Having CF in my life is constant. There is no escaping it, it’s here and until a cure is found it isn’t going anywhere, and whilst there is no taking a break from it, I took a much needed break away from everything else CF related, hence my lack of interaction, blogs and Facebook posts.

I felt my life was slowly being consumed by all things CF, so much so that it was starting to get on top of me and I was spending more time worrying about CF than I was concentrating at work or more importantly enjoying time with my boys. I was adding pressure that I didn’t need and for those that know, CF is hard enough to deal with on its own without those added pressures.

I’ve said before most days CF is far from my thoughts, but there are times I find myself wanting to scream, when the most simple of tasks is made so difficult and complicated by CF and especially when CF takes away so much.

I find myself envious of anyone who can just get up and decide they are taking their kids out for a day without any preplanning or having to orchestrate an early start to fit in treatments before going, or those who can finish work and enjoy a trip to the park with their children. I would be happy with just having time to sit down and play with Chester and Oakley and their trains and cars.

Treatments are time consuming and the majority of my time midweek before and after work is spent doing nebulisers and physio. I feel like my time is being stolen and with two children growing up so quickly every moment with them is precious.

Over the past three and a half years since CF fell into our lives there have been many ups and downs, I’ve shared many of them already, and I am in no doubt that there are many more to come.

The most important thing I’ve learned is that it’s ok not to be ok. No one can be ok all the time, it wouldn’t be normal (in my opinion) if life kept hurling things your way and you never faltered once.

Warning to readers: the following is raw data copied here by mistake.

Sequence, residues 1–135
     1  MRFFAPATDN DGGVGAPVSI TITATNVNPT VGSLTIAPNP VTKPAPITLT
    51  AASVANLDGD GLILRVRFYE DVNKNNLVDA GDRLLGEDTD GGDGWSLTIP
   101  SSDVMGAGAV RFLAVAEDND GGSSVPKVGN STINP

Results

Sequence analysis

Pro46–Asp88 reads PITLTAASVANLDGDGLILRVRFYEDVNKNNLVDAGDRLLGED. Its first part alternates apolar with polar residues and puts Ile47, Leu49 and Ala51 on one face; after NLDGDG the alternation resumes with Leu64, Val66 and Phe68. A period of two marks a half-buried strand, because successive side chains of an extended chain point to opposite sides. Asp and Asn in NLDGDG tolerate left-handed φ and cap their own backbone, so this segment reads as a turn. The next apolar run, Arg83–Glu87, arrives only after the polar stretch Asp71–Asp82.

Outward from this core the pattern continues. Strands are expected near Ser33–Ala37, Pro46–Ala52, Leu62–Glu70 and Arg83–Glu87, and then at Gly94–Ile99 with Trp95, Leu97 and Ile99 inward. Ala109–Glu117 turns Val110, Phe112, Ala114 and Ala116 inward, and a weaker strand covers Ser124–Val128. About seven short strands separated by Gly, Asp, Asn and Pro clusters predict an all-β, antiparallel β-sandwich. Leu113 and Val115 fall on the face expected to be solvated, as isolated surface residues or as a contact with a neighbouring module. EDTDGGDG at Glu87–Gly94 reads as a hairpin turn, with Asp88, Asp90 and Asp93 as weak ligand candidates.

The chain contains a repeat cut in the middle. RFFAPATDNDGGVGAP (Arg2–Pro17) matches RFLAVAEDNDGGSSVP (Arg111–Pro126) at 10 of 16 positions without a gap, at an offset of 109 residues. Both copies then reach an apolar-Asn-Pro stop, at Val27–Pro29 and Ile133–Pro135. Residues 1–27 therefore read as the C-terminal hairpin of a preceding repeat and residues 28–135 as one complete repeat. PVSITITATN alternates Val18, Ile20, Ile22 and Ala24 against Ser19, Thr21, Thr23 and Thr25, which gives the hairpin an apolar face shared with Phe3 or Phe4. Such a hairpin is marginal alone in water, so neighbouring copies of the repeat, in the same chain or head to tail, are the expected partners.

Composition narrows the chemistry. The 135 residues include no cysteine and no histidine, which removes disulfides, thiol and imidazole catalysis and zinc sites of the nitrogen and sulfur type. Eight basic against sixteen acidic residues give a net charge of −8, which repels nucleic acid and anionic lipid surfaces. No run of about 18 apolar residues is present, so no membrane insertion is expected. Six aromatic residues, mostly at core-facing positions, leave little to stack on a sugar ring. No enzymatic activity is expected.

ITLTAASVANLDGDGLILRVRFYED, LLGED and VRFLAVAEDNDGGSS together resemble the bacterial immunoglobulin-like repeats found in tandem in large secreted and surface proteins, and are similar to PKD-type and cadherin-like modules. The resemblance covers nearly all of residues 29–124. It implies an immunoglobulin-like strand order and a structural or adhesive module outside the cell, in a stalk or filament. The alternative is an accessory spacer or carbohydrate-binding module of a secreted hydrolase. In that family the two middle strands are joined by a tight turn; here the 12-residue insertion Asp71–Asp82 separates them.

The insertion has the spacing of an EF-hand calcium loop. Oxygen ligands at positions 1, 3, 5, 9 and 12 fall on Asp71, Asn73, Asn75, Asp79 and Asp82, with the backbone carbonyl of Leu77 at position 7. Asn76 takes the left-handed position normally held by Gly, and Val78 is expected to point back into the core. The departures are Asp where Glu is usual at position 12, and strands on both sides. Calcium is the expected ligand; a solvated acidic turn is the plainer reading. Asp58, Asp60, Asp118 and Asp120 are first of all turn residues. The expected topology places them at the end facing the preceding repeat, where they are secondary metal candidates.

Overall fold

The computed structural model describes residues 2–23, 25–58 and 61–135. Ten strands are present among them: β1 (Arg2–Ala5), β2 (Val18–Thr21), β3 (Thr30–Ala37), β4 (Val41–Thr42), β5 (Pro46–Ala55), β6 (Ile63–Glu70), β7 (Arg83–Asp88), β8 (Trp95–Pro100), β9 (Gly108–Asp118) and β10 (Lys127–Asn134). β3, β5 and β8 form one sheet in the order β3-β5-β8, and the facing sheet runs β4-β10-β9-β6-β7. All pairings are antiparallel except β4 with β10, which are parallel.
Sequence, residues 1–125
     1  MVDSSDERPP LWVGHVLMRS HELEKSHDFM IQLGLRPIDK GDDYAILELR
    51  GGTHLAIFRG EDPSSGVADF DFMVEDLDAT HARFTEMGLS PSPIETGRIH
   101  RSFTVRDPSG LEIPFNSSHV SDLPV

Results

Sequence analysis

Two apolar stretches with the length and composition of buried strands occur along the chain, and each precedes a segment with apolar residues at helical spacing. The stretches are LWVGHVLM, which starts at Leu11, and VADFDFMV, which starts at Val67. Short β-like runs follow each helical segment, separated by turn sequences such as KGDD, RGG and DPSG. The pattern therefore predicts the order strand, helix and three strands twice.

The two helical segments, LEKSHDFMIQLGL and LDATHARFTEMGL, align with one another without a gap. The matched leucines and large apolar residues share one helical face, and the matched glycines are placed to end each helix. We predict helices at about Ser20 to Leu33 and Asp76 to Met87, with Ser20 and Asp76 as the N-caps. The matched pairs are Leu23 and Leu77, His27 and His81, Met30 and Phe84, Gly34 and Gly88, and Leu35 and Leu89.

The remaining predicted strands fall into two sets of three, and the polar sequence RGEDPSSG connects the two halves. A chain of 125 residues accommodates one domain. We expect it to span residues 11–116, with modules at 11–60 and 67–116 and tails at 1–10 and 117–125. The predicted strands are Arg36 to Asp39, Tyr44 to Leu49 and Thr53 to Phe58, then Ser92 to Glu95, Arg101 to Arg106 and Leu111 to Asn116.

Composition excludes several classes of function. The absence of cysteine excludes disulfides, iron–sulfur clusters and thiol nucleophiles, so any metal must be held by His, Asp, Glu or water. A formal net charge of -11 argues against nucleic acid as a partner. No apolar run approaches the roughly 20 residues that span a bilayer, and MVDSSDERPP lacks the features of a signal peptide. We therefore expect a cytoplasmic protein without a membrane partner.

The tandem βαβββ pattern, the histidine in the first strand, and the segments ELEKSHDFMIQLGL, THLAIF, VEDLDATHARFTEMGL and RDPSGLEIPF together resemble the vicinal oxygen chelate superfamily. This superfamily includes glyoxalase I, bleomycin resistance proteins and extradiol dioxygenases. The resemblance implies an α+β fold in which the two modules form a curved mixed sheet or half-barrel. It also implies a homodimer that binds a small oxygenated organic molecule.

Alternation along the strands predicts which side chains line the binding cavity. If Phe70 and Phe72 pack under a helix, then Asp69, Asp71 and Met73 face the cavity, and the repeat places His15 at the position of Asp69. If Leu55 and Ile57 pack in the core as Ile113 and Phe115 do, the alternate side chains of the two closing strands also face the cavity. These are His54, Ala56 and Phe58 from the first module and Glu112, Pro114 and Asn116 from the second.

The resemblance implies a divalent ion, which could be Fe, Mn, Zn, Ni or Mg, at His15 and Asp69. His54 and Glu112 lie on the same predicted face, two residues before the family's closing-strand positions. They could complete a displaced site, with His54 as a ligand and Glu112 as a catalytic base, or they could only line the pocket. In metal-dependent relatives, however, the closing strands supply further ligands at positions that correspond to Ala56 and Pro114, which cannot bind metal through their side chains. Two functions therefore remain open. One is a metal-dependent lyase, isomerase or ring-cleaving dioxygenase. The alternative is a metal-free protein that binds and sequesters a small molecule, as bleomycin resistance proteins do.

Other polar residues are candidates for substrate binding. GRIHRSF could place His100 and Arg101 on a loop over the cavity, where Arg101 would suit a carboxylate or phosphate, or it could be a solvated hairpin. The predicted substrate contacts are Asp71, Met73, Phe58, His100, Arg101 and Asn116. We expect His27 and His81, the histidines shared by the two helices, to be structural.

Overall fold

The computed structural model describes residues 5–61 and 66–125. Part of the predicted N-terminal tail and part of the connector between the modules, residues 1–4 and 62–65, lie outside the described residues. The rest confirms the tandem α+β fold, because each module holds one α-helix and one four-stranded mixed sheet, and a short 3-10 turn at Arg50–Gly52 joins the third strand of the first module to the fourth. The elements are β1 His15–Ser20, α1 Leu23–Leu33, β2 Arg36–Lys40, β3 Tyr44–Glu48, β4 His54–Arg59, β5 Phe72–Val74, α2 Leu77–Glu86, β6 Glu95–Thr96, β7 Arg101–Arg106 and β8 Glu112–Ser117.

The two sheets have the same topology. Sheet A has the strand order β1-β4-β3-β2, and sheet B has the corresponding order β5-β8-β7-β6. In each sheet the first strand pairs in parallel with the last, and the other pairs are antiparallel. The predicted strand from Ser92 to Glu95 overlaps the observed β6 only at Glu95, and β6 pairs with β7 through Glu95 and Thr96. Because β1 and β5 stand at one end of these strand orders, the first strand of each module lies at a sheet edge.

Don’t get me wrong, its incredibly hard to say you’re struggling and not coping when you are meant to be the strong one, but you must! Your own mental health depends on it and when so many depend on you, you have to be well mentally and physically, otherwise what use are you?

The hardest thing for me isn’t necessarily getting the break from CF it’s managing the guilt I have for feeling I need a break in he first place, especially when I know my child never will get that break and will have to pick himself up and carry on regardless of how he feels.

So as I sit here on the train, writing my blog, drinking coffee in a rare moment of peace and quiet, I find myself looking at everything I have overcome and how far my family has come and I am forever grateful to all those who have been by my side for the past three and a half years, and who have picked me up when I’m down, have told me to dry my eyes and crack on when I’m balling and to those who have listened and supported me when I’ve needed to moan.

It’s important to recognise when things are getting too much, it’s important to act and it’s important to take some time out.

Take that break, get yourself back on track… are needed!

The month of May

I realise it has been some considerable time since my last blog, the past few months have been beyond hectic, busy with work, the boys and life in general, and if I’m honest I won’t complain, I like to be busy, it gives me a reason to not have to think about the crap things like CF.

This past couple of weeks has been pretty tough and as far as months go, May is by far the most difficult month in my calendar. I find everyday of May serves as a reminder of either how simple and easy life once was or how sad I was following the unravelling of normality after Chester’s birth and subsequent diagnosis.